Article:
British entrepreneur Carmine Bruno is careful to point out that his forthcoming online antiques marketplace is intended to complement 1stdibs, not compete with it. It’s easy to see why: With $170 million in venture capital funding and a 19-year history in the business, 1stdibs is a formidable adversary, one you’d have to be crazy or absurdly well-funded to come after directly. Bruno is neither. However, he clearly sees some daylight around the online antiques giant—space he’s hoping to fill with a new platform, The Bruno Effect, launching early next year.
For all online antique sellers, a comparison to 1stdibs is inevitable. For Bruno, a 1stdibs alum, it’s personal. He joined the company in 2012 after it acquired Online Galleries, a U.K.-based digital antique marketplace he started in 2006. For eight years, Bruno helped build out 1stdibs’s portfolio of European dealers before leaving the company late last year as managing director of its international division. After a brief hiatus, he decided to get back into the business, this time with a different approach.
The Bruno Effect will buck the recent trend in online marketplaces toward transactional one-click e-commerce. Instead, the site will simply list dealers and their selections, allowing buyers to make inquiries directly, online or off. While the model feels almost old-school in 2020, Bruno points out that the antiques business has never lent itself toward Amazon-style simplicity.
“There’s a lot of friction within a transactional marketplace at this level,” he says. “These are not $20 purchases. When you’re spending $2,000 or $10,000 or $20,000, it’s a relationships business, and [when] marketplaces deprive you of those relationships, that causes friction. There isn’t a huge amount of transparency, engagement is controlled … That’s the reason why conversion on the transactional platforms is not great.”
Bruno is not alone in attempting to bring the lead-generation model for antiques sales online. Competitors have failed to make serious traction, he says, because they lacked a serious supply at launch: Customers came to check it out, found little, and never came back. For that reason, Bruno is planning to launch with 650 dealers. He tells BOH he currently has 200 signed up, including Howard Walwyn and Lennox Cato in the U.K.; Galerie Gaudium and Studio Cadmium in the Netherlands; Galerie Harter in France; and Pascal Boyer, Dual Modern and Pegboard Modern here in the U.S.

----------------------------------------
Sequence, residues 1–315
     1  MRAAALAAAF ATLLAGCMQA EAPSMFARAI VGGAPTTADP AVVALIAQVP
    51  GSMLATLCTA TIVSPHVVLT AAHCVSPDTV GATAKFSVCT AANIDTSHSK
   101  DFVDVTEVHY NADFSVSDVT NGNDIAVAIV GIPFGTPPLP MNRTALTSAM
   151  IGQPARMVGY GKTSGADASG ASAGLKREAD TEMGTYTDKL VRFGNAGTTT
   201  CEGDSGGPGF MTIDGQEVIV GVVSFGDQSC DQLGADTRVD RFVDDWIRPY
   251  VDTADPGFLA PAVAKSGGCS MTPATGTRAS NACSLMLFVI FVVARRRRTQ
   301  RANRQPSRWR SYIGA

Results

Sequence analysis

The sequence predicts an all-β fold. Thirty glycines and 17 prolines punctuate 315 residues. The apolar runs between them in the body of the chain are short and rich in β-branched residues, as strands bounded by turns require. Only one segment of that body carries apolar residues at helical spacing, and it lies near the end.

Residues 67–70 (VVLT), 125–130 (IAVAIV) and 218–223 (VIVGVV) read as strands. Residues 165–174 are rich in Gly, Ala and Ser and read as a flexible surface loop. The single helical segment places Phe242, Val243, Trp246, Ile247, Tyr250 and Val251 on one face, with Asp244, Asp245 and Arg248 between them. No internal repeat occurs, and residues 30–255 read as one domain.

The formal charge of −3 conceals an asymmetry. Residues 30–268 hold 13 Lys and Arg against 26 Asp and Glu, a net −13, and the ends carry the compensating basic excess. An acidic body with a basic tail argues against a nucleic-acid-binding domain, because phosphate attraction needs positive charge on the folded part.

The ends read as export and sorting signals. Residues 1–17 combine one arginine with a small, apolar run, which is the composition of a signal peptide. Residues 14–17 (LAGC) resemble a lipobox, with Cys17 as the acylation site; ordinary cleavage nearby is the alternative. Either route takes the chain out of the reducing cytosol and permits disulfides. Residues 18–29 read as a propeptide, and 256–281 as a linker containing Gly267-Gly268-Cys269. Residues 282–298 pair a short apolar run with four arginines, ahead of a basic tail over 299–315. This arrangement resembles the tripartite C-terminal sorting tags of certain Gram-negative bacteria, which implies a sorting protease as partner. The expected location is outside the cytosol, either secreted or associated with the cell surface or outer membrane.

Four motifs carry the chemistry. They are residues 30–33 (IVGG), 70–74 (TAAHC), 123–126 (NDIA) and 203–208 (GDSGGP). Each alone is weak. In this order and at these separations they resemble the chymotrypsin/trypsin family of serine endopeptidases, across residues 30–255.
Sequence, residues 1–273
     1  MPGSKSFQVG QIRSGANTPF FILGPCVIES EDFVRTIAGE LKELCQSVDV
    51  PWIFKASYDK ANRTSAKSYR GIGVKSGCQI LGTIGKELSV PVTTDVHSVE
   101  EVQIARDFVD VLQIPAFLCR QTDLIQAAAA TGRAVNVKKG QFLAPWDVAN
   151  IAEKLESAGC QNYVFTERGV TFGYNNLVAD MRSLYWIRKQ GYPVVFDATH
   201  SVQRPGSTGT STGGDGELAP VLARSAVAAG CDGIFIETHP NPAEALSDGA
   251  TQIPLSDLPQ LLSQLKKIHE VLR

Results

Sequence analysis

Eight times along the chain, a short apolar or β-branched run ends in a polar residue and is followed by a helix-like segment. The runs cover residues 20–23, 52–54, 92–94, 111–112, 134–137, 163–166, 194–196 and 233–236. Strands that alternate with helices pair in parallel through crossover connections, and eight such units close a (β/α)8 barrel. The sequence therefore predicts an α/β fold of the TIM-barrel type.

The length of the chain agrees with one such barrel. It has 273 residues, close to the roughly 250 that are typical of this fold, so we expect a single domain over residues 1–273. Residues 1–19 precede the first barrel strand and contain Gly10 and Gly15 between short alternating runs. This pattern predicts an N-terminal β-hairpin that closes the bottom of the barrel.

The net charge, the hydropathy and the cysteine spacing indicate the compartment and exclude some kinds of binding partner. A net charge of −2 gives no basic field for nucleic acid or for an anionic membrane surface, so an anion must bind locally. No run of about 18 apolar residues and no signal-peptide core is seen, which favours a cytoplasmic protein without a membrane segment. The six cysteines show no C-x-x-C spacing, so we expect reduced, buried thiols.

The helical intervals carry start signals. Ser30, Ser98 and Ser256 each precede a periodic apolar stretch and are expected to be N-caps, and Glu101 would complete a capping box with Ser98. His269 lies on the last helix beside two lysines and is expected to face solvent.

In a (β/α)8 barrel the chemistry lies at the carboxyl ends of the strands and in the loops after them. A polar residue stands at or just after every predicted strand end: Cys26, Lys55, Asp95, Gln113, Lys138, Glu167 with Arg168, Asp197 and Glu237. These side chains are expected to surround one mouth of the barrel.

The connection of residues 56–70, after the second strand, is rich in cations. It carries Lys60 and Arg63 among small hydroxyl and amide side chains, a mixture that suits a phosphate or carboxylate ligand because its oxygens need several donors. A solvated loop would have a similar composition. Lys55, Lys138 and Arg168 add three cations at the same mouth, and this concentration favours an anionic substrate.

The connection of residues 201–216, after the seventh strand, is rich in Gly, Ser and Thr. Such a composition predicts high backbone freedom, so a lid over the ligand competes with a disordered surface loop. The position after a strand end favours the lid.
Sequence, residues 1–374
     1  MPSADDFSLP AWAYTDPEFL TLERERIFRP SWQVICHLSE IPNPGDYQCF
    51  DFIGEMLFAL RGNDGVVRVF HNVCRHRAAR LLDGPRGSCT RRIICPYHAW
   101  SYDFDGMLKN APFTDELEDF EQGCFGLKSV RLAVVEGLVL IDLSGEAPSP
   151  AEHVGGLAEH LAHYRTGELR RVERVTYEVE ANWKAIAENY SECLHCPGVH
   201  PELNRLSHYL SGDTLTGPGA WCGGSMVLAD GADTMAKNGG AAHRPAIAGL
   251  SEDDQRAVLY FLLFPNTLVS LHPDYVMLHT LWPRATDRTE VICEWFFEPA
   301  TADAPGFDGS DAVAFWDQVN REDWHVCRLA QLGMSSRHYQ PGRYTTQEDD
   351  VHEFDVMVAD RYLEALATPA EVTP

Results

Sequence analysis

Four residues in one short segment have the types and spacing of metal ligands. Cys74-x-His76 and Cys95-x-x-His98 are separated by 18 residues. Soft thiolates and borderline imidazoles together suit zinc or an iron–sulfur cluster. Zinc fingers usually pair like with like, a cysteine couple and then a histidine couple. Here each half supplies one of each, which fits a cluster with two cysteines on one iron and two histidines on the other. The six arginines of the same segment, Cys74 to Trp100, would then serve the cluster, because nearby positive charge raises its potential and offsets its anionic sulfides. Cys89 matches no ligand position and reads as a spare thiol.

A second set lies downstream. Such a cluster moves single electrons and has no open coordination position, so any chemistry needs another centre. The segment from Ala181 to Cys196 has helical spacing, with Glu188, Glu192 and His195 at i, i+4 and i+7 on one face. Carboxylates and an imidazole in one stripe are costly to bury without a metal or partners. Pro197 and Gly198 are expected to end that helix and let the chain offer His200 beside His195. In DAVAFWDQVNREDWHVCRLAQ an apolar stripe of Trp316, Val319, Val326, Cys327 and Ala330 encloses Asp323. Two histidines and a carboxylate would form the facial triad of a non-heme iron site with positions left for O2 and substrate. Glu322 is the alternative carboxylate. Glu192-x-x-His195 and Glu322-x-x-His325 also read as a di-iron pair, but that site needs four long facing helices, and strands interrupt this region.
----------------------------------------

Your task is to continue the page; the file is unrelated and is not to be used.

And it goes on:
Despite an entry fee of $3,500 (temporarily discounted to $1,500 as a response to COVID) and a monthly cost that will come in around $7,000 to $8,000 per year, Bruno says he’s encountered a good deal of early enthusiasm from the dealer community. (The site will be free to use for buyers.) That’s partially because, unlike many competitors, he won’t charge his sellers a commission. He’s also confident that dealers will respond positively to a marketplace that gives them a more direct relationship to their customers.
“Our goal is to create an alternative for those people that want to shop this furniture, but they want to be able to do it in a manner where they'll be able to communicate and have relationships,” he says. “Ultimately, the transactional model deprives [them of] that—dealers are seen more as a supply chain, and the marketplace is the transactional vehicle. What we’re trying to do is give dealers back their most prized asset, that’s the ability to own and nurture their own relationships.”